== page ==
I'm not attached to material objects any more. My sense of value over what I should care about has changed. Association with people, involvement with neighbors, and considerate words and behaviors toward others are all important. It may also be important to offer a helping hand gently and make good use of one's imagination. Having a variety of experiences enriches our lives and makes us more compassionate. What we need will come to us when really needed.

We must value nature. The tsunami brought black stinking sludge back to us from the ocean. My husband, son and I had to live together (with three cats) in a tiny room on the second floor of our house for a while, but I was happy and we were of one mind. Candlelight and a battery-powered light were our only sources of illumination. We woke up with the morning sun and went to bed with the sunset. We humans should change our way of life. We should focus on what we have instead of what we don't have. Nature repairs itself. I will take over a closed cafe one of my acquaintances used to own and reopen it in August 2014.

(3) Y.Z. (in her 60s) June 22, 2014

People in Ishinomaki ignored words carved on a stone monument: "Don't build houses from this point on to the seaside." Forty or fifty years ago, real estate agents would warn of tsunami risks at that location, but there were people who purchased land there anyway. Three years have passed since the disaster, but the reconstruction process is so tough for them.

On the day of the disaster, I thought -- as a person who was allowed to live -- I should live for people who lost their lives. I lost my neighbors and my house. It can't be helped. Others also had similar experiences. I saw many dead bodies. I was supported by many people and wonder how I can return the favor to them. I don't want any material things. Many people told me that being alive was enough even if they had no possessions. I was supported by their words. Certainly, I was also supported by supplies and others' hearts. I felt that people who had faith were strong, tender-hearted and gentle.

There is a plan to leave a disaster-stricken elementary school building as it is as a relic of the disaster, but I oppose it. Seeing the building makes me sad and reminds me of the fact that many people lost their lives. I am happy to live with my husband. I should not continue to be sad. Merely reconstructing our house is not the ultimate goal. I want to go see Angkor Wat in Cambodia. Three years -- three inexplicable years -- have passed since the disaster. I want to start a construction business.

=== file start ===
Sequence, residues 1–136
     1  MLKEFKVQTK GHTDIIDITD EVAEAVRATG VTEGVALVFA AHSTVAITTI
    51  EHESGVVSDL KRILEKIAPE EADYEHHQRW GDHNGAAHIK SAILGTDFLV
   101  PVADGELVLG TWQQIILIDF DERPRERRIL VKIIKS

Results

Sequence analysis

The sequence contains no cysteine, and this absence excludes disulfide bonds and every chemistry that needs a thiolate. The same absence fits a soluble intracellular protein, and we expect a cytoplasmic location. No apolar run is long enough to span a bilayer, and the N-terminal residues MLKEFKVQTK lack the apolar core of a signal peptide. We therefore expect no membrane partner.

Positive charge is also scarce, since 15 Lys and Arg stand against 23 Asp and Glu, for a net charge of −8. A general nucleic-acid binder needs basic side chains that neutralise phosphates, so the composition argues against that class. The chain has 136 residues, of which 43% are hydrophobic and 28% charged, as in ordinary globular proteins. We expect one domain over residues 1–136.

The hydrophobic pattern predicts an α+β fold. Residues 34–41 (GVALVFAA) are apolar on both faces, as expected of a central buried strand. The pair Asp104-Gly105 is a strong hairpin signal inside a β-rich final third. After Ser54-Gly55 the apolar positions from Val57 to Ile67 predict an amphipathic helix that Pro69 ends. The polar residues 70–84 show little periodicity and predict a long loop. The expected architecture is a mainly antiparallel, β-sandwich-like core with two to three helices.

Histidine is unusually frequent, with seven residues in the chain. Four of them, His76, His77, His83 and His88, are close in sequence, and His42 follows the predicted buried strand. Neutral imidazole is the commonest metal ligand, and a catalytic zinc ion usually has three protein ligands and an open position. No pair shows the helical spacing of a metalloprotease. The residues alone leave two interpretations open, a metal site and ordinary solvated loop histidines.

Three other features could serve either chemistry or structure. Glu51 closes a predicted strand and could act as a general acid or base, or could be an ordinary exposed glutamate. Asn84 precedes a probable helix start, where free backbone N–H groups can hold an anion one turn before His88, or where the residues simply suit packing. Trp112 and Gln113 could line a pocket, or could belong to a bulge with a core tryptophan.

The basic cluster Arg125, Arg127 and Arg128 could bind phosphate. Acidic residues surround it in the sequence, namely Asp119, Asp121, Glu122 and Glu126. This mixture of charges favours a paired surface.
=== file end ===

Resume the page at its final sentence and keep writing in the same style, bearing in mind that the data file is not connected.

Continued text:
For me, the loss of my elderly sister in 2013 was more painful than the disaster. I want to return the favor of kindness to someone at home or abroad. I am lucky that I have many friends. There are friends I talk with. Alone, a person can do nothing. Trust is important. We can do something about material goods. I have friends who invite me to stay the night.

I use my car not only to get around by myself but also to offer rides to acquaintances who lost their cars. Actually, I got my driver's license at the age of 45. I completely lost my house, but I'm all right, because I have family. After the disaster, I came to understand humanity and the inner thoughts of others. I was shocked when someone told me, "You had it coming." I won't meet or interact with bad persons. There were also nice people who travelled a long way to bring me rice and miso (fermented bean paste).

I want to live the way I like. I have worked for 20 years, so I have no regrets if I die at any time. I have taken care of others in my own way. Of course, I don't want to die and leave my husband alone. For men, living alone seems too sad. It does no good to think about it. I will stand up and face problems.

Before the disaster, I was into rings and leather items and had many kimonos, shoes and bags. I'm not interested in them at all anymore. I don't want to wear rings now. It's amazing, but there is nothing I want to possess. My desire for possessions is gone. In our earlier years, my husband left on a ship and I raised our children by myself. I left my children in someone's care to go to work.


In our future newsletters we will introduce others' messages, with Ms. Chiba's hope that their messages will reach women in Japan and elsewhere in the world.

For anyone wanting to contact Ms. Chiba, please email her at: swan20110311@gmail.com

Photo Photo
Image photo : Copyright Naomi Chiba All rights reserved.

Written by Junko Edahiro

Japanese